Talking about Obama’s sanctions, which included the expulsion of Russian diplomatic and intelligence personnel, Kislyak told Flynn that the sanctions seemed to indicate the U.S. was unwilling to work together against “terrorist threats.” Kislyak added that he viewed Obama sanctions as aimed “not only against Russia, but also against the president elect.”
Flynn, urging Kislyak to convince Vladimir Putin to take a restrained approach to the sanctions, reiterated: “We definitely have a common enemy. You have a problem with it. We have a problem with it in this country and we definitely have a problem with it in the Middle East.”
But Flynn’s vision of the U.S. and Russia as natural allies against “Islam” overlooked much. Russia was aligned with Iran, to which it had sold powerful anti-aircraft defenses, while Flynn’s brief tenure famously put Iran “on notice” that the Trump administration would be aggressive against Tehran. Nor were the Russians concerned about ISIS in Syria. Their concerns were the survival of their client, Bashar Assad, and the transcripts indicate that Kislyak saw in Flynn’s outreach an opportunity to get Washington to acquiesce to Assad’s continued rule.
Their plan came to a head in a Dec. 29, 2016 call. According to the newly declassified transcripts, Kislyak tells Flynn that although Russia wants to work with the new administration on coordinating in the Middle East, it would stand back to wait and see what the Trump team proposed as policy.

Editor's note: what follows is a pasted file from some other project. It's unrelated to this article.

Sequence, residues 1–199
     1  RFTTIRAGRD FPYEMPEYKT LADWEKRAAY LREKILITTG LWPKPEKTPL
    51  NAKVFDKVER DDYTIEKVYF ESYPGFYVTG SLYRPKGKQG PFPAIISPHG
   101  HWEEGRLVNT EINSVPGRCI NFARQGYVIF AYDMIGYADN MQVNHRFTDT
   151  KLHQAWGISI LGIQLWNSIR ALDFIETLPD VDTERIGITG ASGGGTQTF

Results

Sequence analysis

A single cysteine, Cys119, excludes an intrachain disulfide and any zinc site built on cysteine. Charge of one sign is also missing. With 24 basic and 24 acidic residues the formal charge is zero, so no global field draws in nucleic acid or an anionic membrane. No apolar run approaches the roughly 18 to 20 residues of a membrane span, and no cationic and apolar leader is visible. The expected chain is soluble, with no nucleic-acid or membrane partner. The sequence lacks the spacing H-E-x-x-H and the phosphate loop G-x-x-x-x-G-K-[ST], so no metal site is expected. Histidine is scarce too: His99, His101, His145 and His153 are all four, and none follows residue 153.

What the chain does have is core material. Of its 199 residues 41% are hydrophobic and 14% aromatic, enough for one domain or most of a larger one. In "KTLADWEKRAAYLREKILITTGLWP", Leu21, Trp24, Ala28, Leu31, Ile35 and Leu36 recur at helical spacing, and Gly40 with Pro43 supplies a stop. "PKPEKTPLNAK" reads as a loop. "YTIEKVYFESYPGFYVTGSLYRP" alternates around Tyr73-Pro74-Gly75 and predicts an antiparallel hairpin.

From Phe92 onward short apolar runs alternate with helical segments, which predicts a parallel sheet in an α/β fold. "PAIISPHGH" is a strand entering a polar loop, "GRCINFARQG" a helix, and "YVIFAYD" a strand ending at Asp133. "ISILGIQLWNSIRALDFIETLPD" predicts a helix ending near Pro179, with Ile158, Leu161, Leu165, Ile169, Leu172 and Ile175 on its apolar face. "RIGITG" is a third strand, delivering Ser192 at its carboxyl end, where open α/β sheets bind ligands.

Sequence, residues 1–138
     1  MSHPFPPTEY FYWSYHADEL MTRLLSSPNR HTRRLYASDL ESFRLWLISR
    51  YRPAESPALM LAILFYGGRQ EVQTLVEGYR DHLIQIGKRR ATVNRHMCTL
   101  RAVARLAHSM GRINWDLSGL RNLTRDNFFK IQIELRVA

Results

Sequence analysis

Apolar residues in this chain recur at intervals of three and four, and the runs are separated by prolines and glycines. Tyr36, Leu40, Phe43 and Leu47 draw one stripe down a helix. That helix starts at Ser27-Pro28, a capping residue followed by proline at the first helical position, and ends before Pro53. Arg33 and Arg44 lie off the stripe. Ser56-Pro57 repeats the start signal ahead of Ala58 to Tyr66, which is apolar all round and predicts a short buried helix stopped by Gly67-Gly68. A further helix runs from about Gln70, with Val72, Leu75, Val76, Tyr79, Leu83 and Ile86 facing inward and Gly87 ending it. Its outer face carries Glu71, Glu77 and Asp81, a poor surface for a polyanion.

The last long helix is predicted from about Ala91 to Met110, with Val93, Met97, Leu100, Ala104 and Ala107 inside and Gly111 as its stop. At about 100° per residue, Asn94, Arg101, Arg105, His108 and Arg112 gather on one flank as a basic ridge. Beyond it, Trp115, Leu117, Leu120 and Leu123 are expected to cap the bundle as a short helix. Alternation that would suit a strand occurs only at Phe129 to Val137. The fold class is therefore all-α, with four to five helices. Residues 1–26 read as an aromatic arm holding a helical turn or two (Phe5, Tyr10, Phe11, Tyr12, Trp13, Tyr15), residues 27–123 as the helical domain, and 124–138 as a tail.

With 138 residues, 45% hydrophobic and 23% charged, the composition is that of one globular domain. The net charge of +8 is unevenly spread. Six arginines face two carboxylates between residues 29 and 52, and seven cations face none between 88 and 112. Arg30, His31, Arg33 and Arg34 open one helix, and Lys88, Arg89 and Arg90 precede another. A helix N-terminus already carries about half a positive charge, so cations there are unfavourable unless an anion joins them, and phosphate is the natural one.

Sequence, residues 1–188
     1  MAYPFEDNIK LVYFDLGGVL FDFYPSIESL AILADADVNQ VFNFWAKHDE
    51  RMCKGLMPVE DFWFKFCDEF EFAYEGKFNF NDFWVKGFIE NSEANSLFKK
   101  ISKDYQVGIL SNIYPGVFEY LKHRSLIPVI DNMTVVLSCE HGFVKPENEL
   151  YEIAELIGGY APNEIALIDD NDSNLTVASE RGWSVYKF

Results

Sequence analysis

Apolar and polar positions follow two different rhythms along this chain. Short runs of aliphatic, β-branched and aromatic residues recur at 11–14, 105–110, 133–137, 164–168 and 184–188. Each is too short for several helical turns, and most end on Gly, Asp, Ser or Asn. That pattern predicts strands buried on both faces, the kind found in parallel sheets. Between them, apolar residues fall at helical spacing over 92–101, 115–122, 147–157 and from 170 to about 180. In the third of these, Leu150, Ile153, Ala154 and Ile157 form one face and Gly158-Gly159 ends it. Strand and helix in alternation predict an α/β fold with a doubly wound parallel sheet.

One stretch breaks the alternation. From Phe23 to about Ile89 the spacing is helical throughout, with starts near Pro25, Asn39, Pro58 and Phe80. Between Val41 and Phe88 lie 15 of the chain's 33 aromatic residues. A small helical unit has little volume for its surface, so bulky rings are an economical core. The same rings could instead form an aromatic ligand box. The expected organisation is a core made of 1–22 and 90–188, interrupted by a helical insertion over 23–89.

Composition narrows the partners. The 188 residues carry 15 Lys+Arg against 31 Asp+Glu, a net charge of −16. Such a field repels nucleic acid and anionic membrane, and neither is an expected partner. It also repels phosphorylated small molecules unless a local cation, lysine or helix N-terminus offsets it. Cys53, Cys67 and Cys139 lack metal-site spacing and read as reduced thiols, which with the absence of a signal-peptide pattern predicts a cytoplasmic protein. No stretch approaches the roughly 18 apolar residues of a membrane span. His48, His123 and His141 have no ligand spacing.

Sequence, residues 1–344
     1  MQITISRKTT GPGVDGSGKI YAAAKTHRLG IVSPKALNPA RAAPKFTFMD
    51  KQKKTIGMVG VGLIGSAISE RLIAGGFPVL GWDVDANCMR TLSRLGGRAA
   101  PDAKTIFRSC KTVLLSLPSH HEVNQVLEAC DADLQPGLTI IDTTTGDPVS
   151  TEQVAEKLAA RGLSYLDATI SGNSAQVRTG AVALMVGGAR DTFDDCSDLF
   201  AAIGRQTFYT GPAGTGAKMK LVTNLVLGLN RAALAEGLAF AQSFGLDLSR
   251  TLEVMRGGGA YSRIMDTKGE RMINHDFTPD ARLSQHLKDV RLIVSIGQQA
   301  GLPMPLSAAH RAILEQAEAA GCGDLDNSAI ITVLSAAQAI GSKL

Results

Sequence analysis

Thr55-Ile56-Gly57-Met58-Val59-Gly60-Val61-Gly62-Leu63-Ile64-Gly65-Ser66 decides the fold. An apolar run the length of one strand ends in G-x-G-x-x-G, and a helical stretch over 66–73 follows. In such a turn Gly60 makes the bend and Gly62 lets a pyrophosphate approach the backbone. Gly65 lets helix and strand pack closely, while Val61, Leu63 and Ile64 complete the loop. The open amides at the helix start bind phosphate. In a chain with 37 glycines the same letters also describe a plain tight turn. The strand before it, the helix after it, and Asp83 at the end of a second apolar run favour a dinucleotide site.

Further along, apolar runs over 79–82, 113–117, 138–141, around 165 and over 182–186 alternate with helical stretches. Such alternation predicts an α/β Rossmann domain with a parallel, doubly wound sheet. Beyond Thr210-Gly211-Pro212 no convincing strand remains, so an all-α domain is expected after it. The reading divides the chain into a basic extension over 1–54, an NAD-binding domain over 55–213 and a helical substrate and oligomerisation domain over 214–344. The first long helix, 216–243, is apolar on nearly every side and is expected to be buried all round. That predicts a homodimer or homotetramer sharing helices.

“We had ... significant reservations about the idea of adopting now the principles for the Middle East … that our American colleagues are pushing for. So we are not going to support it to - in the quartet, or in the Security Council. And we have conveyed to our American colleagues,” Kislyak tells Flynn on the call. “So in the spirit of full transparency I was asked to inform you as well.”
But Kislyak offered a way forward: He tells Flynn that Russia’s Middle East advisors would be willing to work with a team of “specialists” from the U.S. on discussing new policies and ways to work together. But it would have to happen before the inauguration.
“Our specialist[s] on the Middle East say that they are very much interested in working with your specialists on these issues and if you're available - not you personally, but your specialists - are available even before the … President Elect ... has his inauguration on the twentieth. We are perfectly available,” Kislyak says. “But also, something more specific, we, … as you might have seen, are trying to help... the peace process in Syria.”
Two weeks later, Erik Prince, the former founder of Blackwater and an active contractor throughout the Middle East region, flew to the remote Seychelles island. In his testimony with Congress in 2018 during the Russia investigation, Prince told lawmakers that he had a chance meeting with a Russian banker. He said he didn’t know who he was and that he did not fly to the island to meet him.